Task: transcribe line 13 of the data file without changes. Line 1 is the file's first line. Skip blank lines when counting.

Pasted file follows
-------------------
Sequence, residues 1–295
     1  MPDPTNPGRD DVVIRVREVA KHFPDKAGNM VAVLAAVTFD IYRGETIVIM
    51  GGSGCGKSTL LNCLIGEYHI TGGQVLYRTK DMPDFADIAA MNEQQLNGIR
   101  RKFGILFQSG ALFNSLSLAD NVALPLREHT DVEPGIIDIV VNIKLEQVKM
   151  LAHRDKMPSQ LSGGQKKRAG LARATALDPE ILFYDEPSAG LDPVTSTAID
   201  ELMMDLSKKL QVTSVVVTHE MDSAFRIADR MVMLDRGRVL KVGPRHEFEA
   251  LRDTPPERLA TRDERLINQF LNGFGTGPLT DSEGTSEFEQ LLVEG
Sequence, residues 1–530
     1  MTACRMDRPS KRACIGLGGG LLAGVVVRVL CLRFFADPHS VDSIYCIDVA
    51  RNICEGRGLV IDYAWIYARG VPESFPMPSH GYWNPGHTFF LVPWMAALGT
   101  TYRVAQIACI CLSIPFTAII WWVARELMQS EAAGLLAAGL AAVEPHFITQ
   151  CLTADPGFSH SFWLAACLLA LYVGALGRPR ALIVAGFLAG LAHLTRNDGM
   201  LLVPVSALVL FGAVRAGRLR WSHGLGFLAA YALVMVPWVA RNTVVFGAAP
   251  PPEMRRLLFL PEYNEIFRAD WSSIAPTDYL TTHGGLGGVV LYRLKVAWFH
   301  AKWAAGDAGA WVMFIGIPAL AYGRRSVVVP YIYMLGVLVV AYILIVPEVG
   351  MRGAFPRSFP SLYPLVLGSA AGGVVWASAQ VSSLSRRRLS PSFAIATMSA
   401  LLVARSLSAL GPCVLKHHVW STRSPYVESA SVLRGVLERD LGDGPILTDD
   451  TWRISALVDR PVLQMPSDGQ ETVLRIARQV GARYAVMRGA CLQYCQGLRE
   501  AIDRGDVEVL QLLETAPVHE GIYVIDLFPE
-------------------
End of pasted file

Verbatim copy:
   201  LLVPVSALVL FGAVRAGRLR WSHGLGFLAA YALVMVPWVA RNTVVFGAAP